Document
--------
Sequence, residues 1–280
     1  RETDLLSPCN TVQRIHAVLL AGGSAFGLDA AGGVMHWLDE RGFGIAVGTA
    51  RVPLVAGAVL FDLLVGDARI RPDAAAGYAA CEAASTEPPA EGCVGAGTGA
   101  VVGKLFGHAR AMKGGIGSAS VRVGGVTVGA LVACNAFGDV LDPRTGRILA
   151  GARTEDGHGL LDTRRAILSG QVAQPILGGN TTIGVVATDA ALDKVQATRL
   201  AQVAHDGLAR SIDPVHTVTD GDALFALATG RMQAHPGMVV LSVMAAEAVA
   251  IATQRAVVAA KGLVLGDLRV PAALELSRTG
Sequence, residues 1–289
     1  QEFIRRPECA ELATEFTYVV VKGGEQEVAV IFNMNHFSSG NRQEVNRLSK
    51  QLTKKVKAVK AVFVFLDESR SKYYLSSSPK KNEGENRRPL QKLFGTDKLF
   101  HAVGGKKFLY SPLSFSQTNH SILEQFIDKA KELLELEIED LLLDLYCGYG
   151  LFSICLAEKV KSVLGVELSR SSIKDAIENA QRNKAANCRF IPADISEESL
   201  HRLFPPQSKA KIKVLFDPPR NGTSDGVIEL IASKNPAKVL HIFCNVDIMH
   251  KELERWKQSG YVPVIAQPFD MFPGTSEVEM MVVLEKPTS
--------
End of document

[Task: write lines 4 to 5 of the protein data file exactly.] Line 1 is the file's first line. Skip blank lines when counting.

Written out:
   101  VVGKLFGHAR AMKGGIGSAS VRVGGVTVGA LVACNAFGDV LDPRTGRILA
   151  GARTEDGHGL LDTRRAILSG QVAQPILGGN TTIGVVATDA ALDKVQATRL